Russian Language Blog

Are conjunctions necessary? Posted by on Mar 23, 2021 in Conjunctions, Grammar, language, punctuation

Если… а… но… Three perhaps most commonly used сою́зов в ру́сском языке́ (conjunctions in Russian), aside from “и”, and exactly how much I got to say as a kid when trying to convince my parents to get me дома́шнего пито́мца (a pet). It usually went like this:

“Собаки не будет”
“Кошки, тем более”
“Даже не обсуждается”
“There will be no dog.”
“Especially no cat”
“End of discussion”

Since then, some things stayed the same – my parents are still averse to having pets, к большо́му сожале́нию моих брати́шек и сестрёнки (much to my siblings’ disappointment). I, however, have learned to navigate this world without overly relying on сою́зы (conjunctions). Would you like to know how? The answer is: бессою́зные сло́жные предложе́ния (sentences without conjunctions).

To use or not to use

While conjunctions do serve many useful purposes, like connecting, contrasting, and elaborating on objects and actions between the clauses of a sentence, there are even smaller grammatical units that can effectively convey the same meaning: зна́ки препина́ния (punctuation signs). I guess, you could say this post is partially about the ways we use запяты́е (commas), двоето́чия (colons), and тире́ (dashes) in Russian. More on the intricacies of punctuation and typography here, and comma abuse here.


Image by Gerd Altmann from Pixabay

Punctuation signs carry only the quarter of linguistic weight in sentences without conjunctions. The real hero, I would argue, is your intonation (интона́ция). Read the following sentences and pay attention to how your intonation changes:

Определи́шься — позвони́. (Call me when you make up your mind.)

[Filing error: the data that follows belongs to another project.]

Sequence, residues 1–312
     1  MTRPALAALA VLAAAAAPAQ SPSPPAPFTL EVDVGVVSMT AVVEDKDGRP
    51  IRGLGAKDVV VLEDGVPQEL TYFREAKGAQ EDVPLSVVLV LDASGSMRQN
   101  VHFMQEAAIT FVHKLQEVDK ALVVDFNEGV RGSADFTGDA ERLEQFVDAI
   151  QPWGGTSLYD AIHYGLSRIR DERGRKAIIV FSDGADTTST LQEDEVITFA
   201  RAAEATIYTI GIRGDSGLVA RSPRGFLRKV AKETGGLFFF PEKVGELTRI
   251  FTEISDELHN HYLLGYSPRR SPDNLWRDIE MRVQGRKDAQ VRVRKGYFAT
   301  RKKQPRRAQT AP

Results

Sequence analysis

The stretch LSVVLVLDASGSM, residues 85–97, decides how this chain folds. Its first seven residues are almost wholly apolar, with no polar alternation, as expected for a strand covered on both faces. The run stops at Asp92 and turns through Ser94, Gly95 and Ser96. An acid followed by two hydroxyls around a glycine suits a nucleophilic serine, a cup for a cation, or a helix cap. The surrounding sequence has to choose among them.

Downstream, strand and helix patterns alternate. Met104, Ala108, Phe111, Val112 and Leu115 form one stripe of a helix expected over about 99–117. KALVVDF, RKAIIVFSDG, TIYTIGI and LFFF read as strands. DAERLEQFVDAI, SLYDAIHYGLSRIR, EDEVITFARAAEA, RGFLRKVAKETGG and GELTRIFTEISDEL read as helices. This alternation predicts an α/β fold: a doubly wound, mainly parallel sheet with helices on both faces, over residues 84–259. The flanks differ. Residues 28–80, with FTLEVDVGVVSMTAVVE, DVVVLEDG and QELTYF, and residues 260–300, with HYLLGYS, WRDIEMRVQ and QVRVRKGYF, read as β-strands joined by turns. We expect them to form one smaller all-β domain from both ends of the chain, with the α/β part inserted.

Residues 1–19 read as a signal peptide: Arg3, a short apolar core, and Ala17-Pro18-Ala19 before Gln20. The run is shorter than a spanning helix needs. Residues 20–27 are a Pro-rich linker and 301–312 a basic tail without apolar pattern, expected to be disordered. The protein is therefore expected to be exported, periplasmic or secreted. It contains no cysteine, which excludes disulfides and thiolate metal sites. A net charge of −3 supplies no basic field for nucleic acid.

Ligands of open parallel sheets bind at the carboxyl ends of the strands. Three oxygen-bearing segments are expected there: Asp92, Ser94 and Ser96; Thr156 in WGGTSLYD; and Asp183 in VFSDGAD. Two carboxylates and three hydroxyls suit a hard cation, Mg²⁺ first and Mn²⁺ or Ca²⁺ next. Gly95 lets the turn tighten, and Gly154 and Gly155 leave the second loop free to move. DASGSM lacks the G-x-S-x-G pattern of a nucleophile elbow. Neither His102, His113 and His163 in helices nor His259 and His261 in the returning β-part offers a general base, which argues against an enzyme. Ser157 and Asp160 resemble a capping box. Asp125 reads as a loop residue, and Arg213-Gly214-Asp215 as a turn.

Я приняла́ реше́ние: забыть об этом стра́нном дне навсегда́. (I decided to forget about that weird day forever.)   

Эх, ты, стару́ха! Ты по ко́робу поскреби́, по сусе́ку помети́; авось муки́-то наберёшь! (Ah, old woman. If you scrape out of the flour box and sweep out the bin, you’ll get some flour!)

See how you pause for the dash, the colon and the commas? Now, that’s a great start.


Image by Comfreak from Pixabay

После́днее предложе́ние взято из всем изве́стной ска́зки Колобо́к (the last sentence is from a famous Russian fairy tale “Kolobok” and if you look at many other fairy tales, literary texts, and superstitions, you will notice a lot of бессою́зных предложе́ний.  Also, it’s fair to say that sentences without conjunctions are a better fit for verbal rather than written communication.

Дава́йте рассмо́трим, когда испо́льзовать запяту́ю, а когда то́чку с запято́й (let’s take a look at when to use a ‘comma’ and when to use a ‘semicolon’).


Image by SparrowsHome from Pixabay

Use то́чка с запято́й (a semicolon or literally ‘a period with a comma’) if one or both clauses of the sentence already have a comma in it.

Ма́ма с ба́бушкой прие́хали у́тром; па́па, усну́вший в за́ле, не слы́шал их звонка́ в две́рь. (Mother and grandma arrived in the morning; father, who fell asleep in the living room, didn’t hear them ringing the door.)


Image by Niek Verlaan from Pixabay

Use запята́я (a comma) to show that things are happening at the same time or in sequence.

Она́ открыла но́ты, поста́вила но́гу на педа́ль, опусти́ла па́льцы на кла́виши.

(She opened the piano sheets, put her foot on the pedal, lowered her fingers on the piano keys.)

Personally, тире́ (the dash) is my favorite one to use — про него́ в сле́дующем бло́ге! (more on that in the next blog!)

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